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The Primordial Dance

Diametric and Concentric Spaces in the Unconscious World

Paul Downes

This book argues that a silent axis of the unconscious world rests largely undiscovered. It recasts foundational concepts in the psychology of Freud, Jung, Carol Gilligan and R.D. Laing, as well as in cognitive science, to highlight this hidden unconscious axis: primordial spaces of diametric and concentric structures. The author generates fresh approaches to understanding the philosophy of early Heidegger and Derrida, with the idea of cross-cultural diametric and concentric spaces fuelling a radical reinterpretation of early Heidegger’s transcendental project, and challenging a postmodern consensus that reduces truths and experiences to mere socially constructed playthings of culture.
The book, which also examines projected structures in modernist art, suggests a systematic refashioning of many Western assumptions, but it is more than a deconstruction. It also attempts to offer a new interplay between structures and meaning, as a spatial phenomenology. This significant expansion of the boundaries of human subjectivity opens alternative pathways for imagining what it means to be human, in order to challenge the reduction of experience to instrumental reason.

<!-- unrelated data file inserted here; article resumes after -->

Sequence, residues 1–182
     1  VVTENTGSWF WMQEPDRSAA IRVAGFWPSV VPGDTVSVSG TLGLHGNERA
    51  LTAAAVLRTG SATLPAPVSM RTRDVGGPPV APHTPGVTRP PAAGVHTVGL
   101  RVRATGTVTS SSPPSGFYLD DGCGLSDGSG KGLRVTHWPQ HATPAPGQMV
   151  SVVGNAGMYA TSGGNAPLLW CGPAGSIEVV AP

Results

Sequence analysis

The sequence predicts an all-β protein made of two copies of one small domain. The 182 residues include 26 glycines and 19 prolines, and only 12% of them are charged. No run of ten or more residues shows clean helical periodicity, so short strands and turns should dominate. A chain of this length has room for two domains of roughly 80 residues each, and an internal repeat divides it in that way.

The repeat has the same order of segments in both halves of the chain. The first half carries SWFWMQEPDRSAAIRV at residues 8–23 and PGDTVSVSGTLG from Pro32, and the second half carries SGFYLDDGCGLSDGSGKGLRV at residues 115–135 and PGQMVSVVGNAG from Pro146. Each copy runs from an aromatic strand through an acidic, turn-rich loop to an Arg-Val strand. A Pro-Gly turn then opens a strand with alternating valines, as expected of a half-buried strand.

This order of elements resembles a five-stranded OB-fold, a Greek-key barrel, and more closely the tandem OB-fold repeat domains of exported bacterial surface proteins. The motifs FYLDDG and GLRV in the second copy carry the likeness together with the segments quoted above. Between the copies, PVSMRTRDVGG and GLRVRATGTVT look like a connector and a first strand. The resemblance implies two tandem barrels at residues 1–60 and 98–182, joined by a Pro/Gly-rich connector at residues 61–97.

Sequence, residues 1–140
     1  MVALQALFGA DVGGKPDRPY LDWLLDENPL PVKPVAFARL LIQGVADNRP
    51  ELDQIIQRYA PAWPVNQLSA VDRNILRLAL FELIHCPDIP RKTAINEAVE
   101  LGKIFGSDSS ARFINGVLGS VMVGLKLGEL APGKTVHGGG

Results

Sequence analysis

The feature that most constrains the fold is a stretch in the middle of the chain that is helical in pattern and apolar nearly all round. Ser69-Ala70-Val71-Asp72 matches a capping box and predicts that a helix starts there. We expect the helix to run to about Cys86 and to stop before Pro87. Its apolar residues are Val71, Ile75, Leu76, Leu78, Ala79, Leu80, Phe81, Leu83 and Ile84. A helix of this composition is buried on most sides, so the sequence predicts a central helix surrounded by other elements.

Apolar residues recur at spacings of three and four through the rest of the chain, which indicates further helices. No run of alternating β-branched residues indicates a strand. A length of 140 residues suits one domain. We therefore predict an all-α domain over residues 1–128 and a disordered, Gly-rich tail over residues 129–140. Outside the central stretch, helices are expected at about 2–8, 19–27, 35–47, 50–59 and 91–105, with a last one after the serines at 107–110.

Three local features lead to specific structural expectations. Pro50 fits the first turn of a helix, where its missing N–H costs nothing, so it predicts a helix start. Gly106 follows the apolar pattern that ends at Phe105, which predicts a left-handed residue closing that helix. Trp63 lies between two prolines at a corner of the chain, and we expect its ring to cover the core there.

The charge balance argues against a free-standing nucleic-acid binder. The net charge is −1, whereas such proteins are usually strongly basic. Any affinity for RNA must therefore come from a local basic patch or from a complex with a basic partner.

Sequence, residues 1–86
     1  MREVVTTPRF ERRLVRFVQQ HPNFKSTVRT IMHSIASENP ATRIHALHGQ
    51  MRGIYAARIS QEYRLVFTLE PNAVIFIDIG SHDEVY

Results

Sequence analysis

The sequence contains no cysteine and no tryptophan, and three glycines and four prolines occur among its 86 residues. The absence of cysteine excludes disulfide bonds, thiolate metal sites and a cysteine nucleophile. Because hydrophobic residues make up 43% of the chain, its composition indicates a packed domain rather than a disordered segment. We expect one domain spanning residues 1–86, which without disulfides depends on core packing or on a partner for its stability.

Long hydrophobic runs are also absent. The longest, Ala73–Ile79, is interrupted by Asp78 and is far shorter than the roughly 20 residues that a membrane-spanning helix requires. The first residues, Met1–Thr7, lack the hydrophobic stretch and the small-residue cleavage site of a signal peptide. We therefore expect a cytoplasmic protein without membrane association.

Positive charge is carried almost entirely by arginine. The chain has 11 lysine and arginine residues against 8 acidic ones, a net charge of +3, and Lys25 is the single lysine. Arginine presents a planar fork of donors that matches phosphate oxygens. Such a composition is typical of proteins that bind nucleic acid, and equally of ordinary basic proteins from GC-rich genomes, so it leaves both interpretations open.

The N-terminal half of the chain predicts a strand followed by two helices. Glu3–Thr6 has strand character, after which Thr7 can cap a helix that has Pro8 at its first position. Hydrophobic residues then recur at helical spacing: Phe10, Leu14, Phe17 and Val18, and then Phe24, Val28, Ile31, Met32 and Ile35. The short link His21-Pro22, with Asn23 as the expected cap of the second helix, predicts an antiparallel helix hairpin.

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Part I Setting the Stage for the Primordial Dance

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chapter 1 Introduction A silent axis of the unconscious world rests largely undiscovered. A task of this book is to bring the contours of these poles to the fore. To breathe life into this scrutiny of the primordial in relation to the unconscious, a key question needs to emerge and be interrogated: Is there a spatial-phe- nomenological structure, of a primordial unconscious dimension, inf luencing human experience? Response to this core question requires development of a wide range of philosophical, psychological and anthropological insights. It requires a framework that is more than being merely the sum of the parts of phenomenology and psychoanalysis. A radical recalibration of these terrains is being sought. This questioning of spatial structures in a domain of the unconscious brings the potential to uncover fundamental, overlooked, primordial pro- jections in experience, observations and truth claims. It of fers an approach to deconstruct ideological blind spots. Awareness of potential projected structures is also an important condition for engagement with wider modes of experience, as part of personal and cultural development, and for open- ing from states of repressed structural experience. The abdication of our potential spaces for experience need not continue. Proposing candidate spatial structures of the unconscious provides not only a concretization of understanding but also engages with the develop- ment of publicly defensible criteria for interrogation of the unconscious, as part of an interpretative scientific approach. In response to this core question, a specific central argument this book seeks to address is that: A primordial...

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